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Growing media constituents determine the microbial nitrogen conversions in organic growing media for horticulture.

Grunert O, Reheul D, Van Labeke MC, Perneel M, Hernandez-Sanabria E, Vlaeminck SE, Boon N - Microb Biotechnol (2016)

Bottom Line: Interestingly, mixing of the growing media constituents resulted in a stimulation of the function of the microorganisms.The use of organic fertilizer resulted in an increase in amoA gene copy number by factor 100 compared to inorganic fertilizers.Our results support our hypothesis that the activity of the functional microbial community with respect to nitrogen turnover in an organic growing medium can be improved by selecting and mixing the appropriate growing media components with each other.

View Article: PubMed Central - PubMed

Affiliation: Laboratory of Microbial Ecology and Technology (LabMET), Ghent University, Coupure Links 653, Gent, 9000, Belgium.

No MeSH data available.


Related in: MedlinePlus

Nitrogen transformation rates by growing media constituent and blends and N treatment. Bars represent standard deviation of triplicate samples. Different letters above the bars indicate a significant difference (P ≤ 0.05).
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mbt212354-fig-0001: Nitrogen transformation rates by growing media constituent and blends and N treatment. Bars represent standard deviation of triplicate samples. Different letters above the bars indicate a significant difference (P ≤ 0.05).

Mentions: Batch activity tests were performed during 37 days. The ureolysis, the ammonia oxidation and the nitrite oxidation rates are influenced by the growing media constituent and the nitrogen form (urea, ammonium, nitrite and nitrate) used (Fig. 1). The ureolysis (P = 0.016), the ammonia oxidation (P = 0.015) and the nitrite oxidation rate (P = 0.014) were significantly different between growing media constituents. Urea hydrolysis ranged between 162.4 ± 17.1 mg N kg−1 day−1 and 85.6 ± 19.7 mg N kg−1 day−1. Sod peat showed the highest and Irish peat the lowest rate of ureolysis. Ammonia oxidation rate ranged between 86.9 ± 9.9 mg N kg−1 day−1 and 1.0 ± 0.9 mg N kg−1 day−1 and was the highest in compost and the lowest in coconut fibre. Nitrite oxidation rate was the highest in compost (83.8 ± 1.3 mg N kg−1 day−1) and lowest in the Sod peat (8.4 ± 6.2 mg N kg−1 day−1). When growing media constituents were mixed, ammonia oxidation rate increased from 41 to 83 mg N kg−1 day−1 and nitrite oxidation rate increased from 15 to 63 mg N kg−1 day−1.


Growing media constituents determine the microbial nitrogen conversions in organic growing media for horticulture.

Grunert O, Reheul D, Van Labeke MC, Perneel M, Hernandez-Sanabria E, Vlaeminck SE, Boon N - Microb Biotechnol (2016)

Nitrogen transformation rates by growing media constituent and blends and N treatment. Bars represent standard deviation of triplicate samples. Different letters above the bars indicate a significant difference (P ≤ 0.05).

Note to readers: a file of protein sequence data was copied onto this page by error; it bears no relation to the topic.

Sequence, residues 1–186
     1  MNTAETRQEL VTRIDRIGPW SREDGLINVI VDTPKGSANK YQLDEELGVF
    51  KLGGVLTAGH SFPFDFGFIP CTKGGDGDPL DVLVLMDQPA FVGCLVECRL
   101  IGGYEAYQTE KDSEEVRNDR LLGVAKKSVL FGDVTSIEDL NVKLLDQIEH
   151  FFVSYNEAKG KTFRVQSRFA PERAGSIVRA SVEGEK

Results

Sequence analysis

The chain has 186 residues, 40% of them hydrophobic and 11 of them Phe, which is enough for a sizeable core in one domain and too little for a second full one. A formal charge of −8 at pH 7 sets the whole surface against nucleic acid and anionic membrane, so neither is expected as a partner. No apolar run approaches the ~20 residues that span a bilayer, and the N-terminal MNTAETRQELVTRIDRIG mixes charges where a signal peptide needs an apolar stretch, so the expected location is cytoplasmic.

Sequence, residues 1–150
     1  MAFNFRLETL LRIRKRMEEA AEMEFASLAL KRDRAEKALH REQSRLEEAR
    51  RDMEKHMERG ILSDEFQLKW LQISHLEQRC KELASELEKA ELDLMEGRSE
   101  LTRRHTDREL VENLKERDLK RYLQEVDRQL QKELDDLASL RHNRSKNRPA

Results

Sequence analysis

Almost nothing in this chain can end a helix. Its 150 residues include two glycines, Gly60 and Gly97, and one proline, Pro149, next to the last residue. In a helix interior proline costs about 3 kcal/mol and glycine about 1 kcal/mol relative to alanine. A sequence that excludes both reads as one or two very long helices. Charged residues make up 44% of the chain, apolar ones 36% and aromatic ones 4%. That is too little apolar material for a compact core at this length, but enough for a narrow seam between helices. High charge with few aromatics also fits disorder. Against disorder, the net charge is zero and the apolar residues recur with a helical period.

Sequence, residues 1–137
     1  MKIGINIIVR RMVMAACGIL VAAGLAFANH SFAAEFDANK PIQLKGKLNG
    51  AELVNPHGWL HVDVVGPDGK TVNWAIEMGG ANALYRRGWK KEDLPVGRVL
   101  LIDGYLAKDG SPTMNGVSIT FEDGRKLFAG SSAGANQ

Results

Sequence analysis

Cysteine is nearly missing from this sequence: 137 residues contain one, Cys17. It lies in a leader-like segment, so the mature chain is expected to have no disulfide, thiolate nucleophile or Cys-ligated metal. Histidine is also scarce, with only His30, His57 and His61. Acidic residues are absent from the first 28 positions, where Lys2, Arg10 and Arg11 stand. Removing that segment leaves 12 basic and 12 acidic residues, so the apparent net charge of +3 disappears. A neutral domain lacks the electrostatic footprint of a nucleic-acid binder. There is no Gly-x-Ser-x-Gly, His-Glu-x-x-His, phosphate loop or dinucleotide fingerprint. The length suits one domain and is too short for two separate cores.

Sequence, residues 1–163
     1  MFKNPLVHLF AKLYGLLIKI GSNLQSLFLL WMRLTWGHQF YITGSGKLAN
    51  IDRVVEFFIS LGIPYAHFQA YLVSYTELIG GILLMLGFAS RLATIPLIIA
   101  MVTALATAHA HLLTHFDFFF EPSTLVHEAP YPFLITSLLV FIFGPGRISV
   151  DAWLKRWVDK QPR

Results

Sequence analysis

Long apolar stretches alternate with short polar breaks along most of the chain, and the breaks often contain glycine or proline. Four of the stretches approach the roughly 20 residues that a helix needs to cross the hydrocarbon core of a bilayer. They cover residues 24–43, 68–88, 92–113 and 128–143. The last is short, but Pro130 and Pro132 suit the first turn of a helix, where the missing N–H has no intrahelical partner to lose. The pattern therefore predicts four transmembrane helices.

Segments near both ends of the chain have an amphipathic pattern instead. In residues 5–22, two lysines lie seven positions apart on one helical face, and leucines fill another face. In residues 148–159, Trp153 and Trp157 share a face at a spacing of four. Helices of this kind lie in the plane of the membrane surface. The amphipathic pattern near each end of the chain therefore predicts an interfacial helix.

© Copyright Policy - creativeCommonsBy
Related In: Results  -  Collection

License
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getmorefigures.php?uid=PMC4835575&req=5

mbt212354-fig-0001: Nitrogen transformation rates by growing media constituent and blends and N treatment. Bars represent standard deviation of triplicate samples. Different letters above the bars indicate a significant difference (P ≤ 0.05).
Mentions: Batch activity tests were performed during 37 days. The ureolysis, the ammonia oxidation and the nitrite oxidation rates are influenced by the growing media constituent and the nitrogen form (urea, ammonium, nitrite and nitrate) used (Fig. 1). The ureolysis (P = 0.016), the ammonia oxidation (P = 0.015) and the nitrite oxidation rate (P = 0.014) were significantly different between growing media constituents. Urea hydrolysis ranged between 162.4 ± 17.1 mg N kg−1 day−1 and 85.6 ± 19.7 mg N kg−1 day−1. Sod peat showed the highest and Irish peat the lowest rate of ureolysis. Ammonia oxidation rate ranged between 86.9 ± 9.9 mg N kg−1 day−1 and 1.0 ± 0.9 mg N kg−1 day−1 and was the highest in compost and the lowest in coconut fibre. Nitrite oxidation rate was the highest in compost (83.8 ± 1.3 mg N kg−1 day−1) and lowest in the Sod peat (8.4 ± 6.2 mg N kg−1 day−1). When growing media constituents were mixed, ammonia oxidation rate increased from 41 to 83 mg N kg−1 day−1 and nitrite oxidation rate increased from 15 to 63 mg N kg−1 day−1.

Bottom Line: Interestingly, mixing of the growing media constituents resulted in a stimulation of the function of the microorganisms.The use of organic fertilizer resulted in an increase in amoA gene copy number by factor 100 compared to inorganic fertilizers.Our results support our hypothesis that the activity of the functional microbial community with respect to nitrogen turnover in an organic growing medium can be improved by selecting and mixing the appropriate growing media components with each other.

View Article: PubMed Central - PubMed

Affiliation: Laboratory of Microbial Ecology and Technology (LabMET), Ghent University, Coupure Links 653, Gent, 9000, Belgium.

No MeSH data available.


Related in: MedlinePlus